Democracy? Russia Will Drink to That

Memories of Soviet-era elections make voting today a cause for celebration. Vodka, music, and gossip at the polls also help

By David Fairlamb

At one end of the hall, they're selling freshly baked pies and pastries. At the other end, flowers, fruit, pottery, and books. Welcome to polling station 917 in the Izmailovo district of northeast Moscow, where it's 10 a.m. on Sunday morning, Mar. 14, and voting in Russia's presidential election is in full swing (see BW Online, 4/15/04, "Putin's Absolute Triumph").

Russians don't simply go to the polls to do their civic duty, they go to have a good time. "I like the party atmosphere," says retiree Marina Shcherbakova, who's sitting drinking tea with a group of neighbors. "And everything is so much cheaper here than in the ordinary shops." Shcherbakova says she's having such a good time exchanging gossip with her friends that she might stay until lunchtime. "I sometimes think it's a shame we don't have elections more often," she adds.


  Making voting day fun is a hangover from communist times, when only one name appeared on the ballot paper and elections were a total sham. In those days, the government would sell goods that were in short supply in the polling stations to ensure a festive mood and strengthen citizens' loyalty. Caviar, sausages, vodka, and champagne would all be on sale. And there would always be a live band and, sometimes, even dancing.

"I thought they'd have had real music here today," says Georgiy Ivanov, a local trolley-bus driver who had just cast his ballot. "But all they've got is that piped modern stuff. Perhaps the electoral commission is short of funds."

Partly in an effort to save money, the Russian voting system is under review. This year, the authorities are experimenting with electronic voting machines in some regions -- though in Izmailovo they're still using traditional ballot papers and pens. The process would be quicker and cheaper if it were computerized, the electoral commission says. Many ordinary Russians are skeptical, on the grounds that an electronic system isn't tamper-proof.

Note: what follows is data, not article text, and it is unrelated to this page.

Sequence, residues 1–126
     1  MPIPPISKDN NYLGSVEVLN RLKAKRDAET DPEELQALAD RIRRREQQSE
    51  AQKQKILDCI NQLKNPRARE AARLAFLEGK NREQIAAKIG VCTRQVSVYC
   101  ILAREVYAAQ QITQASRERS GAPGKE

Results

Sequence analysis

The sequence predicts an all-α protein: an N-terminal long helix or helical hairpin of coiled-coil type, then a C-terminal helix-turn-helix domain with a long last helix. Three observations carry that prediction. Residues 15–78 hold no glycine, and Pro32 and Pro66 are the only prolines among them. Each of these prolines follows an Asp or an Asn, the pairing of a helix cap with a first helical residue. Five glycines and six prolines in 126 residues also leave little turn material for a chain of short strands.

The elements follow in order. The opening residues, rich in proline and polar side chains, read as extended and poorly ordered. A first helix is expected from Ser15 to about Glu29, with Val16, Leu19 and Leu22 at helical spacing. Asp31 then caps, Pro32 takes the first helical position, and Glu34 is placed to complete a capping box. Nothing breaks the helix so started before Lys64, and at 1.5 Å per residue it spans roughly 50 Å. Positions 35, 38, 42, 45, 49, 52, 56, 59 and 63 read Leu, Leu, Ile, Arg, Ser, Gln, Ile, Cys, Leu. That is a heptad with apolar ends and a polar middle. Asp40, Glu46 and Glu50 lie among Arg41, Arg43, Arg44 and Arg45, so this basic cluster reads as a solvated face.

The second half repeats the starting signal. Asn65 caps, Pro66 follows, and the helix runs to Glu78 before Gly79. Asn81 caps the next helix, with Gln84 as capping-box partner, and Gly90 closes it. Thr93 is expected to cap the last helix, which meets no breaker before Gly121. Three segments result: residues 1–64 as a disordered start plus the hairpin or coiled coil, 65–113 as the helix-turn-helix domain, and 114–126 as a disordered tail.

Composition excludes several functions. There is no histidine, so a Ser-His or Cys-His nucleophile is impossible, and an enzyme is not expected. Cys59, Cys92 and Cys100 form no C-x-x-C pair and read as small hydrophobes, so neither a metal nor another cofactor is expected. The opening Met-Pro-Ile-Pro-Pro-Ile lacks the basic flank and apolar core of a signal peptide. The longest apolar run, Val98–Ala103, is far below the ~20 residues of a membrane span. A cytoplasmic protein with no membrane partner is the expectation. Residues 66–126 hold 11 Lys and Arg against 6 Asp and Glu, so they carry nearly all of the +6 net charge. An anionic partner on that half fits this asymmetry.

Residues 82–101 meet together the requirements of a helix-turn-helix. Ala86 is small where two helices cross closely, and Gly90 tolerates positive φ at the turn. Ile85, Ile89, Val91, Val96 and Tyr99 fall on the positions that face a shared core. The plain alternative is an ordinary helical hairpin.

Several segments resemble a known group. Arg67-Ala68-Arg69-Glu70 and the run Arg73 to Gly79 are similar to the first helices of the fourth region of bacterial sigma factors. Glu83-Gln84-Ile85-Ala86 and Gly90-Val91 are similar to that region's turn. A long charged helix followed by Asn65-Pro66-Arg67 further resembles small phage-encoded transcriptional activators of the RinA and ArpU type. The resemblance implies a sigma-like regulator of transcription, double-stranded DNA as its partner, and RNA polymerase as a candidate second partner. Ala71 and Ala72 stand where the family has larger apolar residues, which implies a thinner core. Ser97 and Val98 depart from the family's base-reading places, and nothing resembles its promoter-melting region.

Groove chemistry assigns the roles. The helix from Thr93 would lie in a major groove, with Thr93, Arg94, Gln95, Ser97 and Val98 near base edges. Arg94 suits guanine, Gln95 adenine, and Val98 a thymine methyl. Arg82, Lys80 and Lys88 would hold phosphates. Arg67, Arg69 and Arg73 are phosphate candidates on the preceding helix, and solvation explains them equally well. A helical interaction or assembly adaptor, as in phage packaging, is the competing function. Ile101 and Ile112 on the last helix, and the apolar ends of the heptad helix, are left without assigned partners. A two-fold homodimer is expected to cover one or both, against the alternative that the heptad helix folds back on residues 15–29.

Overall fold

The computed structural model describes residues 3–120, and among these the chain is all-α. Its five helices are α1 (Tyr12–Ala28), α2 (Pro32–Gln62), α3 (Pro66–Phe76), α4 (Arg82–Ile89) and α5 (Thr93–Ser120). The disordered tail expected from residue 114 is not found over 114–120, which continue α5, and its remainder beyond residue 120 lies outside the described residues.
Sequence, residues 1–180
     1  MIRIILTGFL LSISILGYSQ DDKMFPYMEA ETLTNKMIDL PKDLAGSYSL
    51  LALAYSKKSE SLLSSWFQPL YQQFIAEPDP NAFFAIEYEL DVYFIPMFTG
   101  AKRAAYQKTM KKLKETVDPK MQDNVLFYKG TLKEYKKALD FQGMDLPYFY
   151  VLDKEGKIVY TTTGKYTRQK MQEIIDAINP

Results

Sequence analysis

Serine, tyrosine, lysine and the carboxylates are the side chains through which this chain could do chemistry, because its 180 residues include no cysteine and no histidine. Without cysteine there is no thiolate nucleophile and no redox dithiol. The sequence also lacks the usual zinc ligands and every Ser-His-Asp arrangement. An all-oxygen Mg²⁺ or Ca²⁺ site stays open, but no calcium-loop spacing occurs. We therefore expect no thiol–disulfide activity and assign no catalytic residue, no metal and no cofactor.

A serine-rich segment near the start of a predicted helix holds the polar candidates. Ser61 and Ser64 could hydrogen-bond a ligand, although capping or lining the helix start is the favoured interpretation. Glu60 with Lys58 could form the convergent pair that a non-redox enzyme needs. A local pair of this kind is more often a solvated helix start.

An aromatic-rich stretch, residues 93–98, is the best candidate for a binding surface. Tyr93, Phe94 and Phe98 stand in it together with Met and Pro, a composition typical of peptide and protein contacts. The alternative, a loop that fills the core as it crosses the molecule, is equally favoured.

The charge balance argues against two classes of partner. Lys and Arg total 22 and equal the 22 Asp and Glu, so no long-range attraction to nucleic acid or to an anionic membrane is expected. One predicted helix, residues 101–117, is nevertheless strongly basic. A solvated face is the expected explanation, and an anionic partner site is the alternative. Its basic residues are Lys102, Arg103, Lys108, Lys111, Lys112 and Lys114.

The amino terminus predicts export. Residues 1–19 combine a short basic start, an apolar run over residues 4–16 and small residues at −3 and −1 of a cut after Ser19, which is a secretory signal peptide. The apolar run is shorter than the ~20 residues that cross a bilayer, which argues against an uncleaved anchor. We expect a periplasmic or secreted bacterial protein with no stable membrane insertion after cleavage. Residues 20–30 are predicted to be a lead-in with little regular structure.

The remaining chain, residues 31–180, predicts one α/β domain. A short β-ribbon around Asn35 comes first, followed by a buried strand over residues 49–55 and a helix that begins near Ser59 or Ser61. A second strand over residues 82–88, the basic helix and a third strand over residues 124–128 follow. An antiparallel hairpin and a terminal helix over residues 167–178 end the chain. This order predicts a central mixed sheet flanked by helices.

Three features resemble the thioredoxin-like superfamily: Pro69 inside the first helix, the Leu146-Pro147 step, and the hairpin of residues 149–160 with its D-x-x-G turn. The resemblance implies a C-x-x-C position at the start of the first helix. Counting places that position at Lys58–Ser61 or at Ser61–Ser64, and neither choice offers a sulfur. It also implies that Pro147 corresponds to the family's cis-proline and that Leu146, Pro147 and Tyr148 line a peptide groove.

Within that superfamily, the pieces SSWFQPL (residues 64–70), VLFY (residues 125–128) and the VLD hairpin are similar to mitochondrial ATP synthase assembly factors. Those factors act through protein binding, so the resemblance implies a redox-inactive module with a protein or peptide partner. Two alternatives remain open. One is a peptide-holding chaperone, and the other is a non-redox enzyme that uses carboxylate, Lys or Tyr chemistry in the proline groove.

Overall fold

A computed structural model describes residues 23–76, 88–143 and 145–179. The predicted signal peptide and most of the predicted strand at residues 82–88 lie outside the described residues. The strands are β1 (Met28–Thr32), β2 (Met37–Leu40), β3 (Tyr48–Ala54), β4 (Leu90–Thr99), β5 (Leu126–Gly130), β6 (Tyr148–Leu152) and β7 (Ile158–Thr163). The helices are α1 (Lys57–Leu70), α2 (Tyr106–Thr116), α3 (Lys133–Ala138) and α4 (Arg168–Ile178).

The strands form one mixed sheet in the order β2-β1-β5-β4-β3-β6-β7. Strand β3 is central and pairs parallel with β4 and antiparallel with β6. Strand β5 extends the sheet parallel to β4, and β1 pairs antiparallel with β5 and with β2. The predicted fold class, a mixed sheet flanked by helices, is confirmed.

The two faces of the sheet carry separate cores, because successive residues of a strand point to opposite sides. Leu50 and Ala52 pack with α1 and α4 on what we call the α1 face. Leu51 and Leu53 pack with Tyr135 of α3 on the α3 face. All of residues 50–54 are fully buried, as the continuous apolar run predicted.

Russia uses a first-past-the-post system like the U.S. or Britain. Voters simply go into one of the voting booths, make a cross against the candidate of their choice and pop the completed ballot paper into the ballot box. In Soviet times, when just one candidate was running, it was considered a sign of disloyalty to go into one of the booths and mark the ballot paper. A blank ballot was considered to be a vote in favor of the one name on it. The name of anyone brave enough to actually mark a ballot was recorded, and the police would undoubtedly call.

Now it's very different. Seven names were on the ballot paper for President, so people had a real choice. And if they didn't want to vote for anyone, there was an abstention box to tick. Still, many critics of incumbent President Vladimir Putin, who easily won a second term, say although Russian elections are now free, they're far from fair. That's because Putin benefited from favorable coverage on government-controlled TV channels and in the press, much of which is owned by Kremlin supporters.

Irina Rinkus, who works as a bank teller isn't worried. "I don't trust anything I see on TV and made up my own mind how to vote," she says. "And having been brought up under communism, I can't begin to tell you how great it is to have a real choice." That goes for pies, pastries, pottery, and books, as well as candidates.

Frankfurt Bureau Correspondent Fairlamb visited Russian for the election

Edited by Douglas Harbrecht

Before it's here, it's on the Bloomberg Terminal.